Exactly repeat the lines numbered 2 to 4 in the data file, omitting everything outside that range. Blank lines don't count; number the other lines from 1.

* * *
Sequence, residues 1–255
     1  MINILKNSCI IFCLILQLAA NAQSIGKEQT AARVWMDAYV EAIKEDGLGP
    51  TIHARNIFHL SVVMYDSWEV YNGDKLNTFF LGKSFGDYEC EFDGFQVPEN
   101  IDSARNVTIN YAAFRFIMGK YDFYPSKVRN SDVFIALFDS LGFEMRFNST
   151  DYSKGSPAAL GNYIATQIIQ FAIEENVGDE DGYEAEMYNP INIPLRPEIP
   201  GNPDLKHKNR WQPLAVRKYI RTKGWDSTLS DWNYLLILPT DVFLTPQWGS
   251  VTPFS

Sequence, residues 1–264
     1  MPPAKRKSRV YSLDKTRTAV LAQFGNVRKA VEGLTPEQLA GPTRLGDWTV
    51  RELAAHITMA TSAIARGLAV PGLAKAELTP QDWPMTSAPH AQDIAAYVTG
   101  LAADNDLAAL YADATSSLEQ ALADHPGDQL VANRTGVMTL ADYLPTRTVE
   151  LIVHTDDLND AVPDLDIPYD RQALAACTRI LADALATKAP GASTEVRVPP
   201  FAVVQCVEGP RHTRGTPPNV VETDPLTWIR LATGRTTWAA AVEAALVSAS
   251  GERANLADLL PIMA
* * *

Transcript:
     1  MINILKNSCI IFCLILQLAA NAQSIGKEQT AARVWMDAYV EAIKEDGLGP
    51  TIHARNIFHL SVVMYDSWEV YNGDKLNTFF LGKSFGDYEC EFDGFQVPEN
   101  IDSARNVTIN YAAFRFIMGK YDFYPSKVRN SDVFIALFDS LGFEMRFNST